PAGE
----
So you've got the face here, and there's this edge loops are going around in a very circular pattern around the mouth and also around the eyes, and that's very useful, because when a setup artist goes to set this up for animation, these edge loops are already configured to match the direction of the muscles and a natural body that pull and stretch on the skin. And so when this character frown its brow or when it smiles and frowns, these edge loops are already set up to take the shape of those different anatomical shapes that form, when the character moves around in those different shapes.
There is a few other aspects of the way I've setup this edge flow that are very important. Let me zoom out and get a better look at this. So, thus looking generally at the body overall, you can see that the way these polygons are laid out, it's a very even pattern. It's very predictable. It's just following the anatomy. It's not getting over complicated. There's also something else about it that's very useful, is that it's mostly square. There's not very many long faces. You know, they mostly maintain a very square like proportion.
Another important thing is that they follow the anatomy. So if you have a major anatomical structure, like let me take a better look under the pectoral muscle, you can see there is a major anatomical structure, and so why not make your edge flow follow those major anatomical structures. Something else that good edge flow does is it follows where creases will form and where joints will bend. So if I look here on the crotch, you can see that the edge flow is following a very diagonal pattern from the crotch up to the hip.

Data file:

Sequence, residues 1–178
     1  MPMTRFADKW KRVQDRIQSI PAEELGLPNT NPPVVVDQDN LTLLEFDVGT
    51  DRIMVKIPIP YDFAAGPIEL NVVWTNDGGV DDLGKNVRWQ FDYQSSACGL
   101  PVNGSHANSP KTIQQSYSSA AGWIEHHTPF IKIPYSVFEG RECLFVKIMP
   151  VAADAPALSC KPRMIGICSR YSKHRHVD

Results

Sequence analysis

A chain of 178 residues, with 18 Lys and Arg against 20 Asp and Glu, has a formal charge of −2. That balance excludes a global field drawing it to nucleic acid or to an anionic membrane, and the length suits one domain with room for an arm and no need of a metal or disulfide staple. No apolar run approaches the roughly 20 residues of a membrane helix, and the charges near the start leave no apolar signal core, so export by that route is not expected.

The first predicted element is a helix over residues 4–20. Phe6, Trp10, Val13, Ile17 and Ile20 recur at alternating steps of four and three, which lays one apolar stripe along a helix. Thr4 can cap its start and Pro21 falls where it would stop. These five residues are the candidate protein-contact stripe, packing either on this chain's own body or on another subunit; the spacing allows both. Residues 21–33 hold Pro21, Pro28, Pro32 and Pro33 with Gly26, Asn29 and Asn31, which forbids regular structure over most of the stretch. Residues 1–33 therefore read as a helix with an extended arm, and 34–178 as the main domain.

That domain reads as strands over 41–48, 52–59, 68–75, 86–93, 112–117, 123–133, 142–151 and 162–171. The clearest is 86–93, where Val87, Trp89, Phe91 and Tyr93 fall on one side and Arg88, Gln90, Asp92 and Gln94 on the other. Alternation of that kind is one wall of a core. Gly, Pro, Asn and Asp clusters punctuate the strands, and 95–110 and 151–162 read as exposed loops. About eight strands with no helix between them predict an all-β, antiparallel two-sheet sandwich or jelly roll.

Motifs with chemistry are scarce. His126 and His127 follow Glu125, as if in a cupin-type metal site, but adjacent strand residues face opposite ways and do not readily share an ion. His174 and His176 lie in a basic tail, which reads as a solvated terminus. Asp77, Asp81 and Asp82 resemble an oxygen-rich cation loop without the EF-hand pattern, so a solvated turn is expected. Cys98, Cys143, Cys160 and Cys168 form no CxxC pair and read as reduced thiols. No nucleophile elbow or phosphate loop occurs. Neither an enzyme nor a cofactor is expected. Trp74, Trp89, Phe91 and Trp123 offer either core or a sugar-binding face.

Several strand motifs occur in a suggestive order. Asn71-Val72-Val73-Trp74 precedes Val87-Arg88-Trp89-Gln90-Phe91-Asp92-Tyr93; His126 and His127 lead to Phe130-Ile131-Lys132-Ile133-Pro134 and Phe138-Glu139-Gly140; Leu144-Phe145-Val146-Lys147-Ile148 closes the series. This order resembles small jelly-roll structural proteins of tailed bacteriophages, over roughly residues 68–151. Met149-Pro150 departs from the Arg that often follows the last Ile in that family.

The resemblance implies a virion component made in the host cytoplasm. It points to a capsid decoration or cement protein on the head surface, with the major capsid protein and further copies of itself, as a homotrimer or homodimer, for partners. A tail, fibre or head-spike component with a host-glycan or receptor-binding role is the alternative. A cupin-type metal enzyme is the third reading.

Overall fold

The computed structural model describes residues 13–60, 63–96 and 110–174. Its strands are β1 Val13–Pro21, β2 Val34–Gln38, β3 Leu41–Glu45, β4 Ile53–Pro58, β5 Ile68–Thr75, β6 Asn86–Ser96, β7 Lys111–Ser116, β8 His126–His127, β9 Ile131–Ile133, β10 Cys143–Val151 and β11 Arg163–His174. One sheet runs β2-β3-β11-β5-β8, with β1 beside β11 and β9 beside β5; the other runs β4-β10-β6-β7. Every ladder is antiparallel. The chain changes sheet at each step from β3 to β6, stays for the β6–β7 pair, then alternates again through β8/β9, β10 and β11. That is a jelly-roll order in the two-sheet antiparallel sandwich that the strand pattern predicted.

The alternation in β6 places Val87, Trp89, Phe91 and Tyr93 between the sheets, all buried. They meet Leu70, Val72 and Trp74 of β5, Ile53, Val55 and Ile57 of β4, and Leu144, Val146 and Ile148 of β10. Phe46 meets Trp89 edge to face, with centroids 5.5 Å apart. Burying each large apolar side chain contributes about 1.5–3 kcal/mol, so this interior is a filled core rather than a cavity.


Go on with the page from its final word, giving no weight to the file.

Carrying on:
Now if you notice you can see how the crease will form on the natural person in this diagonal pattern, and so when the animator goes to move this leg around, it's a good idea to have the edge flow following that same pattern. So that when the crease forms, it's forming along where you've already got the edges set up. If the edges were very horizontal here, but the crease forms diagonally, then they would crinkle and you'll have all kinds of weird artifacts forming in the mesh. So we talked about some of the different properties that good edge flow has.
It's mostly square. It's evenly spaced. It follows the anatomy. It follows where the crease and different bends will form and it's impossible to perfectly satisfy all of those principles. You want to try a strike a balance between them, because if you try to make every polygon exactly square and exactly the same size and follow the anatomy, you're just going to pull your hair out because it's impossible. But working out a good edge flow is kind of like solving a logic puzzle. It's fun, but it can also be a headache when there's a deadline.
So, that's why this course is going to focus on the most straightforward aspects of edge flow, to help you get you on your way and avoid the hassles. As you get better at character modeling, you will certainly discover your own techniques, tricks, and ways to improve on the basics. You'll also work with setup artists and the animators to find out exactly what it is that this model needs to be able to do, so you can more effectively tailor the edge flow and the flow zones to accomplish those needs.